This precise issue was addressed and rejected by the Supreme Court of the United States in Blystone v. Pennsylvania, 494 U.S. 299, 110 S.Ct. 1078, 108 L.Ed.2d 255 (1990), wherein the Court stated:

The trial judge gave the jury examples of mitigating circumstances that it was entitled to consider, essentially the list of factors contained in § 9711(e). Among these, the judge stated that the jury was allowed to consider whether petitioner was affected by an "extreme" mental or emotional disturbance, whether petitioner was "substantially" impaired from appreciating his conduct, or whether petitioner acted under "extreme" duress. Petitioner argues that these instructions impermissibly precluded the jury's consideration of lesser degrees of disturbance, impairment, or duress. This claim bears scant relation to the mandatory aspect of Pennsylvania's statute, but in any event we reject it. The judge at petitioner's trial made clear to the jury that these were merely items they could consider, and that it was also entitled to consider "any other mitigating matter concerning the character or record of the defendant, or the circumstances of his offense." App. 12-13. This instruction fully complied with the requirements of Lockett [v. Ohio, 438 U.S. 586, 98 S.Ct. 2954, 57 L.Ed.2d 973 (1978)] and Perry [v. Lynaugh, 492 U.S. 302, 109 S.Ct. 2934, 106 L.Ed.2d 256 (1989)].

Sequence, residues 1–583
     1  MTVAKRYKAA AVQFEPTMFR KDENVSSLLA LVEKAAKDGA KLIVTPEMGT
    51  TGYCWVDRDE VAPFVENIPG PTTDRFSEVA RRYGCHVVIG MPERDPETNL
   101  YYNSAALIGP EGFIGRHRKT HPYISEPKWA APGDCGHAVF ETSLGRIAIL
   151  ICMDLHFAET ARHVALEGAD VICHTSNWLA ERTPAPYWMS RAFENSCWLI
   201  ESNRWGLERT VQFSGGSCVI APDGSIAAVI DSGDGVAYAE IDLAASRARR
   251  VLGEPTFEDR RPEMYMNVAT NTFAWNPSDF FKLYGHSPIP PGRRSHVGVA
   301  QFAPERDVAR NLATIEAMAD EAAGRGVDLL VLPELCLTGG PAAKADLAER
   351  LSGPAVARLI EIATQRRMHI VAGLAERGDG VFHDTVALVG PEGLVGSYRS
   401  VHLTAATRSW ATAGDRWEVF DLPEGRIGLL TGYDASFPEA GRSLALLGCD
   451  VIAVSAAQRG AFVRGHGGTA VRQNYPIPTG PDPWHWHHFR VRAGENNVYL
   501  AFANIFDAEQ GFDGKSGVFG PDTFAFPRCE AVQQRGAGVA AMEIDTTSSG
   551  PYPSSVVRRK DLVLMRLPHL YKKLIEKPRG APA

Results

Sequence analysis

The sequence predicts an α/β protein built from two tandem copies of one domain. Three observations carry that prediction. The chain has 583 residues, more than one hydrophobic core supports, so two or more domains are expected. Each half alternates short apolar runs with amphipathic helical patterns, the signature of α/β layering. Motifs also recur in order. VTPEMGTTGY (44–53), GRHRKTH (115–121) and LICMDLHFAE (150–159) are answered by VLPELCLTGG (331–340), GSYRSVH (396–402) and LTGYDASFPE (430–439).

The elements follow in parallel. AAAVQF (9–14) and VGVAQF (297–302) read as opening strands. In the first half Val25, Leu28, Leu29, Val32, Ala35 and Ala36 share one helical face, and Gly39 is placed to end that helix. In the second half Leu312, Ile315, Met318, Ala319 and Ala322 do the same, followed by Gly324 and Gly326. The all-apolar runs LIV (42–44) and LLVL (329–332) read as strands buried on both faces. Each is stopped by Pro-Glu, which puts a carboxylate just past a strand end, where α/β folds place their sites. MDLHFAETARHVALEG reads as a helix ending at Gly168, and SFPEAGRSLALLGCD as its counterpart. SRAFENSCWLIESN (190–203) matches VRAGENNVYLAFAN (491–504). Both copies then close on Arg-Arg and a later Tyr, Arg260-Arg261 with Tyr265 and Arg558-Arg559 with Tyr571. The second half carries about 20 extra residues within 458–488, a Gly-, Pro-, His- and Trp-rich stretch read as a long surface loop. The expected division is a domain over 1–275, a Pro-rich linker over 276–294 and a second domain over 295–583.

Id. at 308, 110 S.Ct. at 1084.

Nevertheless, appellant contends that subsection (e)(8) does not function in the manner described in this Court's decisions and by the Supreme Court of the United States in Blystone. He argues that a "reasonable juror" upon rejecting such evidence for its failure to meet the "extremity" test, will believe that he is precluded from considering it later as "non-extreme" mental or emotional disturbance under subsection (e)(8). This argument is severely flawed as it presumes that a reasonable juror will ignore the clearly open-ended nature of the reference to "any other evidence of mitigation" in (e)(8), and conclude that "any other evidence" really means "any other categories" of evidence. Accordingly, we find that trial counsel cannot be found ineffective for not objecting on this basis. Commonwealth v. Pierce, 515 Pa. 153, 527 A.2d 973 (1987); Commonwealth v. Pettus, 492 Pa. 558, 424 A.2d 1332 (1981); Commonwealth v. Giknes, 491 Pa. 215, 420 A.2d 419 (1980).

Sixth, appellant similarly claims that trial counsel also failed to object to the trial court's use of the words extreme and substantial on the basis that they are void for vagueness. Appellant argues that these words are not well understood, and thus, the jury is forced to invent its own definitions, which results in completely unrestricted discretion. We disagree.

In Commonwealth v. Beasley, 504 Pa. 485, 475 A.2d 730 (1984), this Court considered and dismissed this same claim: